For Imagine Dragons’ frontman Dan Reynolds, there is one song on the band’s new album, “Origins,” out Friday, that really broke his heart: “Bad Liar,” which spoke the truths that he and his co-writer wife, Aja Volkman, weren’t yet ready to face about their crumbling marriage.
“It’s so weird — neither of us acknowledged what we were writing about,” says Reynolds, 31, who married Volkman, 31, of the alt-rock band Nico Vega, in 2011. “I think both of us knew exactly what it was about: our failing relationship. We didn’t wanna talk openly about our problems, yet we were willing to put it into a song together. So we wrote the song, and then a week later we separated.”
But while Reynolds was busy touring with Imagine Dragons — which Billboard called “by far the year’s most successful rock band” in 2017 — they never actually signed their divorce papers.
“We felt like there was more to explore before we went there,” he says. “So we started therapy, and it’s gone really well, and now it’s like we’re dating. Now that we’re back together, it’s really beautiful to listen to [‘Bad Liar’], even though it’s still a little painful.”
It’s been that kind of a cathartic year for Reynolds, who has led Imagine Dragons (rounded out by Wayne Sermon, Ben McKee and Daniel Platzman) from a Las Vegas band that he started in college in 2008 to one of the biggest groups in rock over the past decade. Along the way, they have scored a string of hits such as “Radioactive,” their breakout smash which won a Grammy in 2014, and “Natural,” the first single off the eclectic “Origins.”
And Sunday, Reynolds was recognized for his achievements outside of music: His passion-project film “Believer” — which examines the conflict between his Mormon faith and LGBTQ youth — won the Hollywood Documentary Award at the Hollywood Film Awards in Los Angeles.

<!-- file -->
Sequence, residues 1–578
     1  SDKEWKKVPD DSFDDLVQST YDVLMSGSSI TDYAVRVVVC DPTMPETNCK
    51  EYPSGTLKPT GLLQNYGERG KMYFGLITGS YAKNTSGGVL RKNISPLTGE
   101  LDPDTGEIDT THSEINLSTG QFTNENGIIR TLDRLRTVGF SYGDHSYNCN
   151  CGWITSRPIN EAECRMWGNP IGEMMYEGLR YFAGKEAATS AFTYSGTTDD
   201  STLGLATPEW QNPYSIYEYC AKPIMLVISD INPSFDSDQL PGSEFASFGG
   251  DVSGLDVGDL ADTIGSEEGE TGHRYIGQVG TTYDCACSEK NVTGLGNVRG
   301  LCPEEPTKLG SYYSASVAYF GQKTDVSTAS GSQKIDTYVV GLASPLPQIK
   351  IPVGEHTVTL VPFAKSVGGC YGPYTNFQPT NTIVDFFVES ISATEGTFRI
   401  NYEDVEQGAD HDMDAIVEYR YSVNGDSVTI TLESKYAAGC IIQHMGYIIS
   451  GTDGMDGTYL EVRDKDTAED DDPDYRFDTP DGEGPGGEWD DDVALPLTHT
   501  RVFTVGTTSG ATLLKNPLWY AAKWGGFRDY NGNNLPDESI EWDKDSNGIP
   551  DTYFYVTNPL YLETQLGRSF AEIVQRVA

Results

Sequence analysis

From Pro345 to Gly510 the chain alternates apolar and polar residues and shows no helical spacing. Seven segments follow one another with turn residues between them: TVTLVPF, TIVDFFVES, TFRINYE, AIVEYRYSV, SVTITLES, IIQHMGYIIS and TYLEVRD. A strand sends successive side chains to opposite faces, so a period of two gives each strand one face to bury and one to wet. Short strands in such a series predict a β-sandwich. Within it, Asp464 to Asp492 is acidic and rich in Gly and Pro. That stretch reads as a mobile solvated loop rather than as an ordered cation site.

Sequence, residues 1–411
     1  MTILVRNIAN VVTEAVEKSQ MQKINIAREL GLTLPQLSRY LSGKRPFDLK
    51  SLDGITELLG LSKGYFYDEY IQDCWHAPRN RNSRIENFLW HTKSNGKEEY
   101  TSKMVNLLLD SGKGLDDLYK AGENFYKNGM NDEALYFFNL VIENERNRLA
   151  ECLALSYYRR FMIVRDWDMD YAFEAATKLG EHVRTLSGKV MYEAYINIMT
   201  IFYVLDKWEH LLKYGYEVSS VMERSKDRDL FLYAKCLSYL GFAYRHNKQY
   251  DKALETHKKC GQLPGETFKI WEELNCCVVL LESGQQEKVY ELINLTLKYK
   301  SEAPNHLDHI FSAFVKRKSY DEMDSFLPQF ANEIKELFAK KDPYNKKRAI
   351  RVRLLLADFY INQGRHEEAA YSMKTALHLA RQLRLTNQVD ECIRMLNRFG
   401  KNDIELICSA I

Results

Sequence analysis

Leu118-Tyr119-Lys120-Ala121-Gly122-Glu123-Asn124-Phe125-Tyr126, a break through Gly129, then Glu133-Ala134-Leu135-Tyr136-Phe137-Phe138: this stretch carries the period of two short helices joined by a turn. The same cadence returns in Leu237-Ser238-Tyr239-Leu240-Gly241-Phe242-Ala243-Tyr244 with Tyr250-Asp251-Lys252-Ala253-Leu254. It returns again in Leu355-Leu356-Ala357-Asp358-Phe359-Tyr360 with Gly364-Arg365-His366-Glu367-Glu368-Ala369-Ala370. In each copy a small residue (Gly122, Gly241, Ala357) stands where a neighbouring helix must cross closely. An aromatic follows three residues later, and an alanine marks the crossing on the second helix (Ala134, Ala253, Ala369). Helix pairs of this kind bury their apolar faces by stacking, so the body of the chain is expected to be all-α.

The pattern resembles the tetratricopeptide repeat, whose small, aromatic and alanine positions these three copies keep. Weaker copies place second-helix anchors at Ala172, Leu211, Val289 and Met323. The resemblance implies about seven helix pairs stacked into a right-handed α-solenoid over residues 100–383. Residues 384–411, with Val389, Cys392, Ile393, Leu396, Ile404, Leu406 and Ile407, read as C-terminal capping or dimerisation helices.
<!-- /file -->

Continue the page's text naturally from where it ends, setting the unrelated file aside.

“It’s been kind of a tough road to pave,” says Reynolds of making “Believer,” which is named after the 2017 Imagine Dragons hit. “I knew going into it there were gonna be some difficult conversations to be had. I lost some relationships with friends and people that I grew up with because they thought I was battling their religion, but really I wasn’t. What I’m trying to do is just make a safer place for our LGBTQ youth.”
To that end, Reynolds — who calls himself “a unique Mormon” — has started the LoveLoud Festival in support of LGBTQ youth in Utah. “No child should be put in that position where they’re faced with choosing between their family — i.e., religion, a lot of the time — or who they love,” he says.
Reynolds also has scored some points with his own kids — three young daughters — thanks to Imagine Dragons’ new song “Zero,” which the band wrote for the Disney animated film “Ralph Breaks the Internet,” out Nov. 21.
But it’s darker than you might expect for Disney fare. “ ‘Zero’ is a song about somebody who feels empty, who feels like nothing, but continues on and puts a smile on their face,” he says. “That’s kind of the theme of my life: a constant battle to find positivity in living, and feeling a little empty at times. I’m trying to fill that void.”
Reynolds has been open about his struggles with depression and anxiety, as well as the autoimmune diseases ankylosing spondylitis and ulcerative colitis. But, he says, “This year has been very healing for me … I would say I’ve dealt with a much lower level of depression this year than I have in the past decade, and I think that comes from living my truth.”
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